• The deviceType variable is set based on whether the device supports touch events.

3. Generates Slides:
const slideGenerator = () => {
  for (let i of images) {
    const div = document.createElement("div");
    div.classList.add("slide");
    div.innerHTML = `<img src='${i}' class='image'>`;
    innerSlider.appendChild(div);
  }
  innerSlider.style.gridTemplateColumns = `repeat(${images.length},1fr)`;
};
  • The slideGenerator function dynamically generates HTML for each image and appends it to the inner slider.

  • Each image is wrapped in a div with the class “slide,” and an img element is added with the image URL.

  • The gridTemplateColumns style is set to create a grid layout with columns for each image.

4. isTouchDevice Function:
const isTouchDevice = () => {
  try {
    document.createEvent("TouchEvent");
    deviceType = "touch";
    return true;
  } catch (e) {
    deviceType = "mouse";
    return false;
  }
};
  • The isTouchDevice function checks if the device supports touch events.

  • It tries to create a TouchEvent and sets deviceType accordingly.

5. Mouse/Touch Event Listeners:
sliderContainer.addEventListener(events[deviceType].down, (e) => {
  active = true;
  startX =
    (!isTouchDevice()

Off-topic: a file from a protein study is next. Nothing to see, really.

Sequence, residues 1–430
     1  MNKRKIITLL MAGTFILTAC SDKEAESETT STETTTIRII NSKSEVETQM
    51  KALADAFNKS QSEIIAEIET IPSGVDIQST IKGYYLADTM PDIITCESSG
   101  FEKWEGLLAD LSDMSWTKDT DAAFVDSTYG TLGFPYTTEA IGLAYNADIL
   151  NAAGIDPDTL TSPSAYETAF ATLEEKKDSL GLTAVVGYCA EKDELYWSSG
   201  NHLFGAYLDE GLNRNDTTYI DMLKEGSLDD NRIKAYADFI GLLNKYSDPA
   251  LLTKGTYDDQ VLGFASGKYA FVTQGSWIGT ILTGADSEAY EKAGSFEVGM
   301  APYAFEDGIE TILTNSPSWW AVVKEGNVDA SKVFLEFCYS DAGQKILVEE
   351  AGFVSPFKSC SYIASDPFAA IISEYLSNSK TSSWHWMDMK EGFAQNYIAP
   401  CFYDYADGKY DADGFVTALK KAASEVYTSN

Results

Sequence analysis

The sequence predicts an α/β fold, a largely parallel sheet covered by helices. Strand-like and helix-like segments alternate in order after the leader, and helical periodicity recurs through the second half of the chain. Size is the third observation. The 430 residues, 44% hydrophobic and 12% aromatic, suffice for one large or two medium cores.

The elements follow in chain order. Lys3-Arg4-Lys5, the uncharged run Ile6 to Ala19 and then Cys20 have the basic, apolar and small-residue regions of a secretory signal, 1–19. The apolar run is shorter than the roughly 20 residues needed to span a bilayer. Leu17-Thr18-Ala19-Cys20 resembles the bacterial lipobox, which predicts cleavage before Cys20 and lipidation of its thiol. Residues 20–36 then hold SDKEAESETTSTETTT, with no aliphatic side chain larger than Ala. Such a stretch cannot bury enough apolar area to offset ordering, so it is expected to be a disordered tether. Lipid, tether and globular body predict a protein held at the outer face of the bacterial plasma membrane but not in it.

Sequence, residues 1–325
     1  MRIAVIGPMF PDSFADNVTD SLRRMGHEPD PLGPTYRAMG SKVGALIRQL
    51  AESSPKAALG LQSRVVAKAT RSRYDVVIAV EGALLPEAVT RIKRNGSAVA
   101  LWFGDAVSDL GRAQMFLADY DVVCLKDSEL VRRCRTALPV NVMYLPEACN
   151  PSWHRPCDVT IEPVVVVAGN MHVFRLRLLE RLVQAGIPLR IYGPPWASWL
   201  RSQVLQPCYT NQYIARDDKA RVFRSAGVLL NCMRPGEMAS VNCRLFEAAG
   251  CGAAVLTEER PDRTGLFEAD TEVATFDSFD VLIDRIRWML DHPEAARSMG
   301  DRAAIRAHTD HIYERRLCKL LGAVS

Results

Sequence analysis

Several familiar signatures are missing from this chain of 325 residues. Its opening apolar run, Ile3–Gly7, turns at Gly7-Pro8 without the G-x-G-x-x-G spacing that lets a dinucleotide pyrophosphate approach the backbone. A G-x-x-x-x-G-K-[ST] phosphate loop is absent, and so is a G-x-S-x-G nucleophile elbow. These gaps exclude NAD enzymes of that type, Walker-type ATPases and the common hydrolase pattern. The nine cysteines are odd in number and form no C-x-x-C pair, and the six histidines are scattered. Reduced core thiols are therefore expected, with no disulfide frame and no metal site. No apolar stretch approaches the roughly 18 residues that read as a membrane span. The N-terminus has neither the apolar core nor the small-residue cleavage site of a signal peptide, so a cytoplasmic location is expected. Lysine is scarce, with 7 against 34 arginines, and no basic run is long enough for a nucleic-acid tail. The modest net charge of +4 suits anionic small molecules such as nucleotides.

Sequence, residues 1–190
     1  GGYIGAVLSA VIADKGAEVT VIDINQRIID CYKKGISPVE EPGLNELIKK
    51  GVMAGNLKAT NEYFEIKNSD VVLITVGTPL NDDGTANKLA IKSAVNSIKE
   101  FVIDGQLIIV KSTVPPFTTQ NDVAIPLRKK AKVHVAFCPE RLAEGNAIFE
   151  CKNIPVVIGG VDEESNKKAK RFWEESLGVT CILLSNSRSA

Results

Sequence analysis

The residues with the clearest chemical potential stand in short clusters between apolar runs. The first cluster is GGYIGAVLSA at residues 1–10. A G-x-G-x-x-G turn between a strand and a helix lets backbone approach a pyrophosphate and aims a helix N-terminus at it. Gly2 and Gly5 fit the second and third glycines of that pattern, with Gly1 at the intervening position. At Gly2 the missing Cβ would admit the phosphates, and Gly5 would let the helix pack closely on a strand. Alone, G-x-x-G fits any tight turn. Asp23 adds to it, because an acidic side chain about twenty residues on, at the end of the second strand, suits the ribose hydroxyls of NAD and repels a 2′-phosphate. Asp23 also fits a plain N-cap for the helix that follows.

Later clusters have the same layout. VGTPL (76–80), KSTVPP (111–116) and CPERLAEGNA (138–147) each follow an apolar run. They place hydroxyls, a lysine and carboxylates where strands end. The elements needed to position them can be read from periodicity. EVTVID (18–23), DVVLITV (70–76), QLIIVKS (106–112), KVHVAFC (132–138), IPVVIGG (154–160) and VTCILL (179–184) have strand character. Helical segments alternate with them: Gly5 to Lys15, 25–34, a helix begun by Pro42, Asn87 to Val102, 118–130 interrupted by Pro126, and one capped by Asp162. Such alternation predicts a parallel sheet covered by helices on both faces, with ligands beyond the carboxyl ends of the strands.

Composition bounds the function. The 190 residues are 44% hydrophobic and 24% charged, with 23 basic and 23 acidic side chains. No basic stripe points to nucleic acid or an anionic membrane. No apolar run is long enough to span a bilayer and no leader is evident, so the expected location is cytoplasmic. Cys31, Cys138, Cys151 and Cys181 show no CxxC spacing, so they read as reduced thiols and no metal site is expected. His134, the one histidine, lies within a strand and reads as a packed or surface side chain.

? e.clientX
      : e.touches[0].clientX - outerContainer.left) - innerSlider.offsetLeft;
  sliderContainer.style.cursor = "grabbing";
});

sliderContainer.addEventListener(events[deviceType].up, () => {
  sliderContainer.style.cursor = "grab";
  active = false;
});

sliderContainer.addEventListener(events[deviceType].move, (e) => {
  if (active) {
    e.preventDefault();
    let currentX = !isTouchDevice()
      ? e.clientX
      : e.touches[0].clientX - outerContainer.left;
    innerSlider.style.left = `${currentX - startX}px`;
    checkBoundary();
  }
});
  • Event listeners are added for mouse/touch down, move, and up events on the sliderContainer.

  • On mouse/touch down, the active state is set, and the initial position (startX) is calculated based on the event type and coordinates.

  • On mouse/touch up, the cursor style is updated, and the active state is reset.

  • On mouse/touch move, if the slider is active, it updates the position based on the difference between the current and start positions.

6. Check Boundary Function:
const checkBoundary = () => {
  innerContainer = innerSlider.getBoundingClientRect();
  outerContainer = sliderContainer.getBoundingClientRect();
  if (parseInt(innerSlider.style.left) >= 0) {
    innerSlider.style.left = "0px";
  } else if (innerContainer.right < outerContainer.right) {
    innerSlider.style.left = `-${
      innerContainer.width - outerContainer.width
    }px`;
  }
};
  • The checkBoundary function ensures that the slider does not move beyond its boundaries.

  • If the Touch Image Slider is dragged beyond the left edge, it sets the position to 0.

  • If the slider is dragged beyond the right edge, it sets the position to keep the last image visible.

7. Window Load Event:
window.onload = () => {
  slideGenerator();
};

The window.onload event triggers the slideGenerator function when the page is fully loaded, generating and displaying the slides.

By following these steps, you’ve successfully created a touch image slider using HTML, CSS, and JavaScript. This slider enhances the user experience on both desktop and mobile devices, allowing users to navigate through images seamlessly with touch gestures.

Let me know how you like this tutorial by commenting.